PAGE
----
I have mixed feelings for the retirees affected after reading various articles on pension fund (here’s a good one) collapses – on one hand I feel terrible for individuals involved because many of them are at an age where working is the last things on their mind.  On the other hand, most of the reports interview people who worked at the same factory for 40+ years and who are upset because they have lost 35% of their pension income.  I guess it’s foreign to me that these people didn’t have an alternative retirement fund and essentially banked on one source of income to fund them the rest of their lives.  In one case a Nortel employee stated they also owned mainly Nortel stock to go along with their Nortel pension(not exactly diversification at its best).  To me, putting all of my retirement eggs in one basket seems very risky – some foresight would probably have helped many of these people.

My suggestion to anyone involved with a pension plan is to treat it like any other investment in your retirement basket in such a way that if it were taken away, you would not be destitute.  I have a feeling that for readers of blogs such as this one, this may not be an issue, but for someone who does not address their finances on a regular basis, the collapse of a pension would cause significant problems that may not be able to be overcome.

I should  note, I am not overly concerned about the Canada Pension Plan.  After significantly increasing contribution rates in 2008, from all reports this fund will not collapse and should be able to provide the funds it is supposed to, making it one of the few public pension plans worldwide (along with Australia) that are going to be solvent for the foreseeable future.

Are you worried about your pension?  Is it going to be your sole source of income at retirement, or do you have other funds that will provide income after you are done working?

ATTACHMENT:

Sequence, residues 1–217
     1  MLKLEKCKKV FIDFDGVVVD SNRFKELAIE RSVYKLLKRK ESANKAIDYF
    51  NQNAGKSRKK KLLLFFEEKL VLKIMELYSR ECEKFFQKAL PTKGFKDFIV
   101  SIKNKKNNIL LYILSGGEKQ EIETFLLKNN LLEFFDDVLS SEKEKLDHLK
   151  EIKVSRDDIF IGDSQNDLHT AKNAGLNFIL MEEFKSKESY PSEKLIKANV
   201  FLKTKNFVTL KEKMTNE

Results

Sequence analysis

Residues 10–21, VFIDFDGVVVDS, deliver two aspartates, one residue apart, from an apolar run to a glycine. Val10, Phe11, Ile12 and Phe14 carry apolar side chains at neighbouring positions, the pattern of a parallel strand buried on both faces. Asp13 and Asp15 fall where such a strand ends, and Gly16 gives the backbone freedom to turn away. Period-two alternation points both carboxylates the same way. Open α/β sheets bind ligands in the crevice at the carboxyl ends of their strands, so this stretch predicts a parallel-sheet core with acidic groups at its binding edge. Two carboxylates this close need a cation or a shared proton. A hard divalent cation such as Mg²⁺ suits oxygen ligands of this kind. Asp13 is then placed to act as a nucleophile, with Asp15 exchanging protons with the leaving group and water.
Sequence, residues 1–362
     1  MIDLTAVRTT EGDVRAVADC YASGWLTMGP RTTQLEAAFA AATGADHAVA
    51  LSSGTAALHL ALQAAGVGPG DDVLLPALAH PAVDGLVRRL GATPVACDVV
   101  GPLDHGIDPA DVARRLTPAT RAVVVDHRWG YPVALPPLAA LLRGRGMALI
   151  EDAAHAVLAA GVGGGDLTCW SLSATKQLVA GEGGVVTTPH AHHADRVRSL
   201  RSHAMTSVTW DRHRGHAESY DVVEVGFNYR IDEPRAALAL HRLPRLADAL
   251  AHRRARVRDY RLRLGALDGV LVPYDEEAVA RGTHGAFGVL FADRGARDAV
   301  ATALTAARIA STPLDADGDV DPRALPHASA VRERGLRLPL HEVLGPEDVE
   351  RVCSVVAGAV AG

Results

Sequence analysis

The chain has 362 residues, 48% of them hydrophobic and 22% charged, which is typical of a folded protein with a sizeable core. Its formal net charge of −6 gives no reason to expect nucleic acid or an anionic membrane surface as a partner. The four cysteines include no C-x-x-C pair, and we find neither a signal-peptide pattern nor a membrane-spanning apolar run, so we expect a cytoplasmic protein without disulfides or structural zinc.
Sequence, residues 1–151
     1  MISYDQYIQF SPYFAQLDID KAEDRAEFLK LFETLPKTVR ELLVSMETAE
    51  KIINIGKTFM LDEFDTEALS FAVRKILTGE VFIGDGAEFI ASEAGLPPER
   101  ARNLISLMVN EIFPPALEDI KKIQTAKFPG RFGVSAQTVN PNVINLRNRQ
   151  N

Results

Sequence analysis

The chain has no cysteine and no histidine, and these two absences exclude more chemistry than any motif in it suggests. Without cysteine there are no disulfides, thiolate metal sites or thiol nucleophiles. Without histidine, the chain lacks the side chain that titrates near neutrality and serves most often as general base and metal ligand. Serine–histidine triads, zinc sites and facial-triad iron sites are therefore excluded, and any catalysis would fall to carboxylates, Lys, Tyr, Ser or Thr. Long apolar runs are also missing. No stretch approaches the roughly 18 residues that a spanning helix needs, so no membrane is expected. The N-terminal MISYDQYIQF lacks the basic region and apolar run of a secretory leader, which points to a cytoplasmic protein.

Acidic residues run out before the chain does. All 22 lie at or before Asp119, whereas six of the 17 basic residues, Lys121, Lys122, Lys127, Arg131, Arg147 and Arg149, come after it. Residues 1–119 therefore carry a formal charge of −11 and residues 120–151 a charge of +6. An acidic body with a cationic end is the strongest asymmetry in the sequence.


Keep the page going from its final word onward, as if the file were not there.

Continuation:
4 thoughts on “The Pension Series – Part II – Pension Collapse and Self Defense”

  1. I’m a member of a bank DB plan in Canada. We’re very well funded at this point and I’m so far off from retirement that I’m not really concerned. Assuming I stay with my current employer the plan would probably only make up, at best, half of my desired retirement income. I chose the non-contributory option which still gives me a small credit for my years of service but doesn’t kill my RRSP room so I can still save and build up my own nest-egg.

    One view that I like is to look at your DB plan as part of your fixed income component of a portfolio.

  2. My desired retirement income is pretty low, if my pension is around, it would allow me to live someplace warm for part of the year so I can golf year-round :), if not, I can take a few months off a year.

    I get minimal choice (none) in pension plans at my work, I get about $700 in RRSP room per year.

  3. Good luck with anyone with a DB I had one with canada’s biggest courier company.Not worth a can of beans.I was with them for 10 years and got my pension transfered into a Lira. Yip 33% of what it was suppose to be.Yeah I guess if your with gov’t your okay.Anyone else good luck.
    My Tfsa is my tickett to retireing early

  4. As I’m a non-contributory member of my DB plan I won’t stand to get any major benefit from it in the future, but it does make up a part of my overall long term plan.

    But then again if I’m not with my current employer in 25 years I’ll be taking it in the form of a LIRA too.